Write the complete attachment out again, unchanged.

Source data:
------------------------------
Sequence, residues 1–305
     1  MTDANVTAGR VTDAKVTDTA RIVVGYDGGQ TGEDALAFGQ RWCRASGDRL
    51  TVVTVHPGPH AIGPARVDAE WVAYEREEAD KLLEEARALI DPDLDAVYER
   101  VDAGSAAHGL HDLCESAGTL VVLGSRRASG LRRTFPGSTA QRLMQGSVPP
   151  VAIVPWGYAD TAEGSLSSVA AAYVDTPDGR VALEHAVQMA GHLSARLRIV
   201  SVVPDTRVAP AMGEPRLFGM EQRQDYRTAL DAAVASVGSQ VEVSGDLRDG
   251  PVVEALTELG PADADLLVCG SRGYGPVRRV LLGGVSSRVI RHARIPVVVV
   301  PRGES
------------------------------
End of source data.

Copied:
Sequence, residues 1–305
     1  MTDANVTAGR VTDAKVTDTA RIVVGYDGGQ TGEDALAFGQ RWCRASGDRL
    51  TVVTVHPGPH AIGPARVDAE WVAYEREEAD KLLEEARALI DPDLDAVYER
   101  VDAGSAAHGL HDLCESAGTL VVLGSRRASG LRRTFPGSTA QRLMQGSVPP
   151  VAIVPWGYAD TAEGSLSSVA AAYVDTPDGR VALEHAVQMA GHLSARLRIV
   201  SVVPDTRVAP AMGEPRLFGM EQRQDYRTAL DAAVASVGSQ VEVSGDLRDG
   251  PVVEALTELG PADADLLVCG SRGYGPVRRV LLGGVSSRVI RHARIPVVVV
   301  PRGES